It may not be too long before the familiar, droning diesel-engine roar of delivery trucks disappears from our city streets. Fully electric trucks have been seen as too costly and inefficient by many hauliers, but that is changing.
A new study by the Stockholm Environment Institute (SEI) reports that electric battery-powered freight trucks can be economically competitive with diesel trucks. They say: “The study challenges a long-held view that has previously dismissed electric freight trucks as too costly. With battery technology improving rapidly, heavy battery electric trucks can compete – and likely soon. To be commercially competitive, such vehicles need one critical piece of infrastructure: fast charging networks.”
Transport is responsible for a high proportion of global CO2 emissions with the IEA estimating it to be around 24%. According to the latest numbers from Eurostat, there were over 4.3 million goods vehicles registered in the EU in 2018. This value had increased by 0.6 % compared with 2017, and by 4.4 % compared with 2014. Given these huge numbers, it is seen as crucial to shift to lower carbon solutions to be able to achieve globally agreed climate goals.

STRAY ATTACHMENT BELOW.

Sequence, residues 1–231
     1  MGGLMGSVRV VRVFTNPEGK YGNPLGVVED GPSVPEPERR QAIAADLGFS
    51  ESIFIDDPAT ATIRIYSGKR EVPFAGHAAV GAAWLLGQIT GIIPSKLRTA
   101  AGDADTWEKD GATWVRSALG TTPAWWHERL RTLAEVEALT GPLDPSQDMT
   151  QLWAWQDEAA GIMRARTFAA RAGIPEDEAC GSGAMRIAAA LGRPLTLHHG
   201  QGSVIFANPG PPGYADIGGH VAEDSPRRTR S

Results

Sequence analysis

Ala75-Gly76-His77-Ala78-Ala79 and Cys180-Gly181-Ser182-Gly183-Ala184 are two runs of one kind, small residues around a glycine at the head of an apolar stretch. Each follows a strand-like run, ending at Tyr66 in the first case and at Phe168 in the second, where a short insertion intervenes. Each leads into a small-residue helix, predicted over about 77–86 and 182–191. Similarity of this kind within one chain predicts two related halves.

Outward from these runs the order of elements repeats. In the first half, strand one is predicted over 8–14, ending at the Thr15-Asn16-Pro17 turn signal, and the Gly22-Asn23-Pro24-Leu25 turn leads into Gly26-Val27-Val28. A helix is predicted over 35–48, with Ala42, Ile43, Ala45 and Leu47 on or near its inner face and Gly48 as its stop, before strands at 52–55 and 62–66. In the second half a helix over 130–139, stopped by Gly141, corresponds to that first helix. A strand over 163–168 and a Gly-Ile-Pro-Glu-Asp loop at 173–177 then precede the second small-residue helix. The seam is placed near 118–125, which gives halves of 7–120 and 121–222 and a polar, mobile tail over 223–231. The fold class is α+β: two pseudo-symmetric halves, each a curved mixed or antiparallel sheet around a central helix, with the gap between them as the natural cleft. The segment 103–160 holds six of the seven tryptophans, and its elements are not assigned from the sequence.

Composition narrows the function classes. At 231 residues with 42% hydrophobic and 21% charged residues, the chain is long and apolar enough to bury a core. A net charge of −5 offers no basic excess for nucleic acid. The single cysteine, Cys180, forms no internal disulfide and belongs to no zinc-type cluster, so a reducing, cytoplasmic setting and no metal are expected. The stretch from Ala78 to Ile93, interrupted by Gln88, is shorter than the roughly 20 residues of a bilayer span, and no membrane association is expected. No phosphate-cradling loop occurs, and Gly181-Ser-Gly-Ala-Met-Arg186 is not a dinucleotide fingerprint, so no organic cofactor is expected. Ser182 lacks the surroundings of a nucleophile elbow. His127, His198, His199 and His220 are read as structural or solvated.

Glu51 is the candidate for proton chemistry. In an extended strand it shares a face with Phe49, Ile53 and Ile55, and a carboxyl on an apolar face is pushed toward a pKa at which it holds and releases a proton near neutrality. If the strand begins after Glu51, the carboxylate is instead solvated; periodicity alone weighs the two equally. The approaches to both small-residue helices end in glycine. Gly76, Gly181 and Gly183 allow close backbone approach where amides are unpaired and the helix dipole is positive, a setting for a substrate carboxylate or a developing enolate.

Bjorn Nykvist, senior researcher at SEI, told Reuters: "Battery technology is very close to a threshold that makes electric trucks feasible and economically competitive. All that is missing is one companion component: fast charging."
It is this fast, high-capacity charging that is crucial to enable the weight of batteries to be kept small and light enough to be feasible.
Research by Capgemini Invent, part of Capgemini Group, recently showed that electric trucks are among 55 clean technologies that can help the European Union reach its goal of climate neutrality by mid-century.
Accelerating the roll-out of low emission zones is also likely to stimulate the market further as private sector charging operators feel more confident to invest in the required infrastructure.